These are the People behind Dubai's Leading Art GalleriesTakeaways from Janna Soueidan’s conversations with three art curators.
Dubai-based, multidisciplinary artist Janna Soueidan visited three art galleries within the city and met up with the curators to get a deeper understanding of its art world.
“The feeling I get when walking into an art gallery is a form of escapism. To me, galleries provide a respite from the noise and chaos of my everyday life, offering me a space of contemplation and introspection,” Soueidan explains. “The second I walk into one, I suddenly feel a sense of inspiration, wonder and joy that I can’t compare to any other experience. It can sometimes be emotional, discovering new artists or pieces that resonate with me on a personal level.”
It’s the feelings evoked and conversations that they create within the spaces that display the emotions, history and storytelling of the artist themselves which hold a place close to her heart. “As an artist myself, I’ve always dreamt of having my work displayed in art galleries and I’ve always wondered about the curatorial process and the role that curators play in creating such a beautiful space,” she says.
Nadine Knotzer – Carbon12 Gallery
Carbon12 is a contemporary art gallery that was founded in 2008 by Kourosh Nouri and Nadine Knotzer, which marked the beginning of an extensive, international program of artists. Located in Al Serkal Avenue in Dubai, Carbon12 continuously introduces and promotes both well-known and up-and-coming artists to the UAE contemporary art scene. The gallery also engages the public and educational institutions through a variety of contextual activities, such as publications and talks.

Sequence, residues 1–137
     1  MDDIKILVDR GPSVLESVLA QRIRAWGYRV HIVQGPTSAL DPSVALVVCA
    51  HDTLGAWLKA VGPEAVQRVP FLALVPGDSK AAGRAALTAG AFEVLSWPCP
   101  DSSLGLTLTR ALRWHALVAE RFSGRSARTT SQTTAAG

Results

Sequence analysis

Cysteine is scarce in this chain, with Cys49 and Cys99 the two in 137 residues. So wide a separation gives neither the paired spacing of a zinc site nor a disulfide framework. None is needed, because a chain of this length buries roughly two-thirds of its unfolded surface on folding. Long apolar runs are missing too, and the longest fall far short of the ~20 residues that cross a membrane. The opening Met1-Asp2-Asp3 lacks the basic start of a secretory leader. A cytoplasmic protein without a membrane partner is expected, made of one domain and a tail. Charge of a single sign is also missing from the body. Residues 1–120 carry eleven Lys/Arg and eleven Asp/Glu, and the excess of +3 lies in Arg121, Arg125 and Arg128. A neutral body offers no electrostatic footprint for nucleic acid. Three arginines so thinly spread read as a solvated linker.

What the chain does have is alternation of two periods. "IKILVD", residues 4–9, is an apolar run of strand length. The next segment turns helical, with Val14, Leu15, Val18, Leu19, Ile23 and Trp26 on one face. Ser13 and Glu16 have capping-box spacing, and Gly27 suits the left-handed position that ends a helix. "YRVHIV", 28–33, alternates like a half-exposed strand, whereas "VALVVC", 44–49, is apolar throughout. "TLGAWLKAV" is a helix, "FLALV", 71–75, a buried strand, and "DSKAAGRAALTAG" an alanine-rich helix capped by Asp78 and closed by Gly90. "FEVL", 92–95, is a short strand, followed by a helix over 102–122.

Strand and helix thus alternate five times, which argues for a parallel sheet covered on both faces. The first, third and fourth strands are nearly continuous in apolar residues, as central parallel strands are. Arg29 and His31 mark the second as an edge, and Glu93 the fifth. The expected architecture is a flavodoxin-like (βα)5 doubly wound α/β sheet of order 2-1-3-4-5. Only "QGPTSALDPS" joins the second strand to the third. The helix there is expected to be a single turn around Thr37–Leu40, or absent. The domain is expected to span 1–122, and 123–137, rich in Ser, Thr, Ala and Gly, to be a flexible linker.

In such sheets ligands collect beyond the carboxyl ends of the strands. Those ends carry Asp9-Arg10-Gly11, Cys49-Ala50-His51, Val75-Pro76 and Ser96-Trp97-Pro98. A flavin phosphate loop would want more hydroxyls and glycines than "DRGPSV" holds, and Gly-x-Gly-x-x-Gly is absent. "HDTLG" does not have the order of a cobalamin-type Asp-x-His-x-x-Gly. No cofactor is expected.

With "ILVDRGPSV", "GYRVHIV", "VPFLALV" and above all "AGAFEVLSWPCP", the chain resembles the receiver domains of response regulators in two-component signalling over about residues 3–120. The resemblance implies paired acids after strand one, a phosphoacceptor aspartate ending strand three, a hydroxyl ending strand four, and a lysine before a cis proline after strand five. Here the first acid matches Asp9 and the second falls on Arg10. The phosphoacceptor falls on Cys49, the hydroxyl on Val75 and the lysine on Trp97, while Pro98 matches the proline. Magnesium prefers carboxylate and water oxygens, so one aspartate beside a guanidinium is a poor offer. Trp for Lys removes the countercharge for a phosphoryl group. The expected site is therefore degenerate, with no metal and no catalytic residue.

How do you go about the artist selection?
Soueidan: What factors do you take into account while curating art pieces for an exhibit?
Knotzer: We do a lot of solo exhibitions and it is important to concentrate on showing a new body of work as their continuous work that will show how they have and continue to evolve. The art I choose is usually cohesive, but it does not mean they have to be similar. This is where placement comes in and I think deciding where each piece goes has a big impact on the overall success of the exhibition, as it can transform the experience.
How do you balance showcasing art and artists of different levels and backgrounds?
Carbon12 was the first gallery in the region to show an international program. It’s really important for us to exhibit artists from different cultural backgrounds and build a platform where an artist from the west can coexist with an artist from the Middle East. With this similar mindset, we also like to display emerging artists alongside established ones. We don’t focus on one region or one style to represent and we like to educate people on all the different types of art there is in the world and demonstrate how they hold universal meaning.
What strategies do you use to make sure the gallery is engaging and accessible to all audiences?